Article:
Bang! Hit them with, if I were to call your supervisor what would she say about your job performance? Listen and watch. If the smile drops like a brick in a pond, and their feet hike up under their chair, there is cause for concern. Listen for what they don’t say. Return to cooking and ask about the most difficult dish they prepared successfully. Watch the restoration of the positive body language. Bang! Hit them again. Why do you want to leave your current position? Watch and listen.

Return to the cooking channel and then ask a situational reasoning question. If you heard your best friend in the next cubicle tell someone on the telephone that he was going to call in sick the next day, despite the group deadline to complete a project that will ensure continued profitability for the company, what would you do? If your BFF went ahead and called in sick, and the boss asked you if your friend was really sick? Turn up the heat. Crank it up! Depending on her answer, twist them. So you would betray your friend?  Who also happens to be your brother-in-law and godfather to your children? The holiday gatherings could be a little frosty, right?  Oh, so you would lie to the boss? Watch the inner conflict boil to the surface. Bring your Junior Mints because this is pure entertainment.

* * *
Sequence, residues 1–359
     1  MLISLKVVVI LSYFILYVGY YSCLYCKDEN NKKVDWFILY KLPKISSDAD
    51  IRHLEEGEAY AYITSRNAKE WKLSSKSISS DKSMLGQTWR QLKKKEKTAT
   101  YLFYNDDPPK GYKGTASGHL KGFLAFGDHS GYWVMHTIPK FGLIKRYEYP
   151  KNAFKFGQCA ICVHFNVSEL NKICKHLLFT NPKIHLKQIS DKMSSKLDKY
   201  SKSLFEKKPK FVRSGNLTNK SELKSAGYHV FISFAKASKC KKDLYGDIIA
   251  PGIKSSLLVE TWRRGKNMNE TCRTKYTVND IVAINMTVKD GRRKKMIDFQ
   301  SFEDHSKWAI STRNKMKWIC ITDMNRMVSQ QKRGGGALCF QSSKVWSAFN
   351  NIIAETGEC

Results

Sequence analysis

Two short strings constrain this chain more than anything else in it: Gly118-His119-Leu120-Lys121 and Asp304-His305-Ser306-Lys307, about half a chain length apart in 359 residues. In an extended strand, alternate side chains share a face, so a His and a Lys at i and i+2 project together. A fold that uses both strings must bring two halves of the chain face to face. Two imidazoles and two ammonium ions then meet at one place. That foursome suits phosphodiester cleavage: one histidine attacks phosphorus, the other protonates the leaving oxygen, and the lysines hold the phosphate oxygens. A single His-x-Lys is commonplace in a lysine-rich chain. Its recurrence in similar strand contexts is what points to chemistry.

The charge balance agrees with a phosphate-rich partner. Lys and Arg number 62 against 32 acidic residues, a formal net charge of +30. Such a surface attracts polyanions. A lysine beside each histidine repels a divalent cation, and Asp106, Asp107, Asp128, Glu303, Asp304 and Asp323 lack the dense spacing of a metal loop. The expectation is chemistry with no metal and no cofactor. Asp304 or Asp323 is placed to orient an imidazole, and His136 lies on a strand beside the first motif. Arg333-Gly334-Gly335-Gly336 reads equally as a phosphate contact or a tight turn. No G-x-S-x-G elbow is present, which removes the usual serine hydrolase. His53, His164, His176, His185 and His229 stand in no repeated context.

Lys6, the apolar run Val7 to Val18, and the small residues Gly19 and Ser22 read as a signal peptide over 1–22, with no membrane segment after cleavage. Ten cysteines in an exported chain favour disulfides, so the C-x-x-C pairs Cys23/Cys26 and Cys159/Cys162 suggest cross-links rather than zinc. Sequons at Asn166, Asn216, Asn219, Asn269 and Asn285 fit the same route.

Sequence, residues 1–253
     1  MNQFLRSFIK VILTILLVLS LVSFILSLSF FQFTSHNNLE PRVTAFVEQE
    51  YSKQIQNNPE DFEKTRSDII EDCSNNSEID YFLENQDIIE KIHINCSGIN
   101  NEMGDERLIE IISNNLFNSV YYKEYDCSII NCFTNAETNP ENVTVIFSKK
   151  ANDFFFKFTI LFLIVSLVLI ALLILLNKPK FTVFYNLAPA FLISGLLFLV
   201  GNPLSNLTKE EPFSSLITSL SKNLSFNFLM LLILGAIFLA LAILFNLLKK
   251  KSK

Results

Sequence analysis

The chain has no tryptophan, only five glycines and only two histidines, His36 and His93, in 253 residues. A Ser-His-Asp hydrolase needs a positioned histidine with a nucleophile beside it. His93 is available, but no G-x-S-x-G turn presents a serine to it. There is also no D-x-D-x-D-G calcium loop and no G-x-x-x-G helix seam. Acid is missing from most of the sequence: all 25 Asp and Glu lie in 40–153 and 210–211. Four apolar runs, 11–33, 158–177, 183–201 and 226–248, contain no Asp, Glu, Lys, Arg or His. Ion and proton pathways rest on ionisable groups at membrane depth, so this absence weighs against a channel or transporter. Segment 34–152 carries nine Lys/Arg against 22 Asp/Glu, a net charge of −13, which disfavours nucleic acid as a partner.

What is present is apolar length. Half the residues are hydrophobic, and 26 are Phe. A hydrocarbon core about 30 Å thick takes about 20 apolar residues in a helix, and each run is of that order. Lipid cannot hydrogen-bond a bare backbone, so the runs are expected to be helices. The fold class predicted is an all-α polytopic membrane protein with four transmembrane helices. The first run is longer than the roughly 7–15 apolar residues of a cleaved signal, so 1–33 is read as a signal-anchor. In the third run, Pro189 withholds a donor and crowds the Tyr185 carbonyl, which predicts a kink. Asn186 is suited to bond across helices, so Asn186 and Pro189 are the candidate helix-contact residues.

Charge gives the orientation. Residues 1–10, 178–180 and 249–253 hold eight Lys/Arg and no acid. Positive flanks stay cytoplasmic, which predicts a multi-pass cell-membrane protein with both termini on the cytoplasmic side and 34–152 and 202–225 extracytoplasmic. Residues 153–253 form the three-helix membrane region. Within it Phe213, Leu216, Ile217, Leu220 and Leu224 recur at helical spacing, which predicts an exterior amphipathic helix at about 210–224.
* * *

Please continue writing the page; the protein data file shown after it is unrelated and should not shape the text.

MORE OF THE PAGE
It never hurts to keep them off their game by asking an out of leftfield question. What five acts of kindness would you use if you won the lottery? Have you ever thought about moving to a disserted place on earth and where? What age would you like to live until? Why are clowns scary? The purpose of these questions are to break the rhythm and make the applicant think outside the box in the human resource interview process.

Now share with them that you have some highly qualified applicants with strong education and an experienced background. Why should I hire you? Stare right in their face when you ask, yes, watch and listen. Now is the time to address questions concerning their resume.